Elizabeth Adda Robinson Ratcliffe
Welcome to an electronic archive of Elizabeth Ratcliffe’s journey.
(Click any image within to see full / hi-res.)
Elizabeth Ratcliffe in Long Beach, CA before going to China, 1925 Elizabeth Robinson, Senior Year Newton High School, 1941 Elizabeth Ratcliffe, Talent, Oregon, 1971 Elizabeth Ratcliffe at her home in North Berkeley, 1990s Elizabeth Ratcliffe in the Bolinas Museum, 24 Apr 2015

Known by three names, Elizabeth was born in Barre, Vermont on November 1, 1923. The youngest of three children, she grew up in China and beginning at age six, took on the name of Lepai (the ‘p’ is pronounced as ‘b’). In her middle years and beyond she was known to many as Liz. As she describes this:

I like my brothers, had several names. The Chinese name I was given shared the first word with that of both brothers: “Kui”, meaning great, or important. The second part “Jen” might be translated as “precious” or “pearl”. A special vegetable name given my brothers by our cook, never was gifted me; I was simply known to him as “Kui Jen” Within the family my pet name was “Little Bit” which I carried until the Hunter family moved into our compound. Jean, just my age, became my inseparable playmate. When our brothers wanted us for some reason or other, they combined our two names into a much used Chinese phrase: “Lepai gee?”, meaning “what day of the week is it?” (in those days most Chinese needed to know what day it was more than what hour it was). When Jean and her family left our compound, I simply acquired the name of “Lepai”. It was so deeply imprinted, that when I went off to college in the U.S., I had to decide whether I would say my name was Elizabeth (which I hadn’t been called all through boarding highschool), or “Lepai”, by which I had been known ever since Jean Hunter came into my life around age 6. I choose to be “Lepai” and to this day I am still known by my oldest friends and family by this unusual Chinese name, which by the way is also the name of a famous Tang Dynasty 8th Century poet.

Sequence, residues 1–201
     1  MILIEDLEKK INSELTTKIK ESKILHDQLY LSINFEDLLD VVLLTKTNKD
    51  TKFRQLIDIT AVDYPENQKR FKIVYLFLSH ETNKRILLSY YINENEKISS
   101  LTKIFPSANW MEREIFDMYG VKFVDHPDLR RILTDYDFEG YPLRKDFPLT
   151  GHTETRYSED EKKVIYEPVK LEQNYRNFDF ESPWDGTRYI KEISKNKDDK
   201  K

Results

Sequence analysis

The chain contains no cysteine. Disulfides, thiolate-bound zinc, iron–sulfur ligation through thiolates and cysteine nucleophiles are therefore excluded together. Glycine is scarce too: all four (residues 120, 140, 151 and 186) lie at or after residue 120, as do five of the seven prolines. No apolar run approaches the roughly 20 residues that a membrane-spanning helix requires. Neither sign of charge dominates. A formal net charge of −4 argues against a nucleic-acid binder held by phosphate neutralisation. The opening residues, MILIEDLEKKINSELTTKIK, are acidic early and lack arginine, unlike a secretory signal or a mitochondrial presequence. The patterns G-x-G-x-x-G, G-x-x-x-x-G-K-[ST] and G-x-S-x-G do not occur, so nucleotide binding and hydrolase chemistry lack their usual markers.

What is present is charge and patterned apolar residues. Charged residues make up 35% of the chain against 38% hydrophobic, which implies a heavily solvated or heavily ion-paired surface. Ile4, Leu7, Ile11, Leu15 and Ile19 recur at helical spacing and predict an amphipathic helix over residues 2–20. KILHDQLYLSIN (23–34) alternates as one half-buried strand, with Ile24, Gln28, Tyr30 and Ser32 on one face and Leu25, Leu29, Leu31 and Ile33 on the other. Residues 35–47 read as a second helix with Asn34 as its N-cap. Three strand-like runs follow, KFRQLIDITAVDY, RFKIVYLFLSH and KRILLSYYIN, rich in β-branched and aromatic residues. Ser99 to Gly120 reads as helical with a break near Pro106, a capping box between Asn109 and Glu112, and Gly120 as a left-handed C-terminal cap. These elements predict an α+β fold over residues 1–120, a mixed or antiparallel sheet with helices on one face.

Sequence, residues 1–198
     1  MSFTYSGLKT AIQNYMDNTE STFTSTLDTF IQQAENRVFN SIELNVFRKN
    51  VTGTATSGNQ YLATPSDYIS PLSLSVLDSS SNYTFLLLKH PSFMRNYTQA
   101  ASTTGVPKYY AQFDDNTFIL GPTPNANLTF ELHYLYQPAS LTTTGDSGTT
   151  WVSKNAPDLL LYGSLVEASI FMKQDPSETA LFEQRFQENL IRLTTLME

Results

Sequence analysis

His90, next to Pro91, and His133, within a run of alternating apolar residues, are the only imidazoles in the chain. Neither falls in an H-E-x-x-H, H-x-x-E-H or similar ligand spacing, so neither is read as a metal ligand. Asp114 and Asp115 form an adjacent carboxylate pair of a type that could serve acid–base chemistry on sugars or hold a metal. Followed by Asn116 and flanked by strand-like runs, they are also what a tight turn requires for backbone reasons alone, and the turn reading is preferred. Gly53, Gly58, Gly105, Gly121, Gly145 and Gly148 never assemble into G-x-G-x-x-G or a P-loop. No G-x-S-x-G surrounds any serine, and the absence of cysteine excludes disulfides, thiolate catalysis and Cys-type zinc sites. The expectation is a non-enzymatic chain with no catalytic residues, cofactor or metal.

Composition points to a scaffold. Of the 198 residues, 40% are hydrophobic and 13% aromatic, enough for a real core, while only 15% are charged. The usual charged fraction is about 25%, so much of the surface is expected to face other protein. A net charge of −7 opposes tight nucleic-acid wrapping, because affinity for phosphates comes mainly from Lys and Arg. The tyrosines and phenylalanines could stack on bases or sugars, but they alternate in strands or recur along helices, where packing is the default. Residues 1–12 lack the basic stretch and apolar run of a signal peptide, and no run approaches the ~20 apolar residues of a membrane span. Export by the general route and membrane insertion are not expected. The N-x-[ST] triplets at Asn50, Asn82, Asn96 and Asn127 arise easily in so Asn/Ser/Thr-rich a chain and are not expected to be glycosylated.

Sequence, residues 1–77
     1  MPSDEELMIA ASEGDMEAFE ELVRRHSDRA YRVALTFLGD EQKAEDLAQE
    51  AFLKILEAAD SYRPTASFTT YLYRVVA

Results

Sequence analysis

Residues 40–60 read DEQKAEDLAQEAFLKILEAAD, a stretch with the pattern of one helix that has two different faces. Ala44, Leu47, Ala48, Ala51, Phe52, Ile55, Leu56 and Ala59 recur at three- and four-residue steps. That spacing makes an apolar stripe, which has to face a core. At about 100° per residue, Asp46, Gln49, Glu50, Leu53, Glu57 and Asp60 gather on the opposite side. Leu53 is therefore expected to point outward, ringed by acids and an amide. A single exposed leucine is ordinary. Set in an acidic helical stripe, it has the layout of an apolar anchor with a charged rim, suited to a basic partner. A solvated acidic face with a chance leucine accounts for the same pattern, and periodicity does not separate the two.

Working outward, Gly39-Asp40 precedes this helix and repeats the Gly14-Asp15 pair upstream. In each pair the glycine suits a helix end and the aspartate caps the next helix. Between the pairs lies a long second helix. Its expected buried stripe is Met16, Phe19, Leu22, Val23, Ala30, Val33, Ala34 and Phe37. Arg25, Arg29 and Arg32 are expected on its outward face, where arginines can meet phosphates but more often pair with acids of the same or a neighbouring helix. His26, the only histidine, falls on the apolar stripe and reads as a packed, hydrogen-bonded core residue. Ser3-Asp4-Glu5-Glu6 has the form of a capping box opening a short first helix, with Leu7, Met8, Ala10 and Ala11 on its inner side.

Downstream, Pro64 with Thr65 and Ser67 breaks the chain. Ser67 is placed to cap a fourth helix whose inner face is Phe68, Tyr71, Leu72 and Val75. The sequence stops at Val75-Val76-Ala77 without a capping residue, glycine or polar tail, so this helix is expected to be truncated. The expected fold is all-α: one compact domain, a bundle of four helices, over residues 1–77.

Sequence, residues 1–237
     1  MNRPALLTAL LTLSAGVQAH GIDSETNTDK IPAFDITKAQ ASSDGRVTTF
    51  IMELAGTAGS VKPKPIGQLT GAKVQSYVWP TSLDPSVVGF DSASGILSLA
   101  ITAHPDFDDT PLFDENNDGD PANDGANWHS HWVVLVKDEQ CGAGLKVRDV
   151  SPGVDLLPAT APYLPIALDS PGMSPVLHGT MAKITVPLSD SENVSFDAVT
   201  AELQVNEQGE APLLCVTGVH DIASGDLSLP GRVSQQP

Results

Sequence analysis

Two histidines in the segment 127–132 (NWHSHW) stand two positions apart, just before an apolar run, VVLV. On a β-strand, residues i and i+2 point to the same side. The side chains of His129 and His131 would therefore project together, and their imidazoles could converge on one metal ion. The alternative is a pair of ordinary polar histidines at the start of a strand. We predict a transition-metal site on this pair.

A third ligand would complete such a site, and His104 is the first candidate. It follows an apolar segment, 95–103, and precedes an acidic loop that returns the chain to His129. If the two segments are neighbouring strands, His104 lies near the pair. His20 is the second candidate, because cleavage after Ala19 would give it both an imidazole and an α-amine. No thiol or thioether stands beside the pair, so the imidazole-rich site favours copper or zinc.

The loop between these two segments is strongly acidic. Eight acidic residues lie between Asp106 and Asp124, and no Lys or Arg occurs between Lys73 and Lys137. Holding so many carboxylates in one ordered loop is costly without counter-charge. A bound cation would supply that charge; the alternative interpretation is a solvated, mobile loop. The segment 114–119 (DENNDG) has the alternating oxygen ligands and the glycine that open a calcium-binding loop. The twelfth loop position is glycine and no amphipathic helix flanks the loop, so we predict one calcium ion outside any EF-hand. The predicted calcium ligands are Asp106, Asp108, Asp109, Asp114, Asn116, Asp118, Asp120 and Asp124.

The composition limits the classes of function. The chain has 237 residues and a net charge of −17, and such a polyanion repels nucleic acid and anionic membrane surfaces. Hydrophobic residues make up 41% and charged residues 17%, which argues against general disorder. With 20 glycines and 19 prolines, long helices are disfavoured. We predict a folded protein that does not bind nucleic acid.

The above is excerpted from her autobiographical essay, “First Memories.”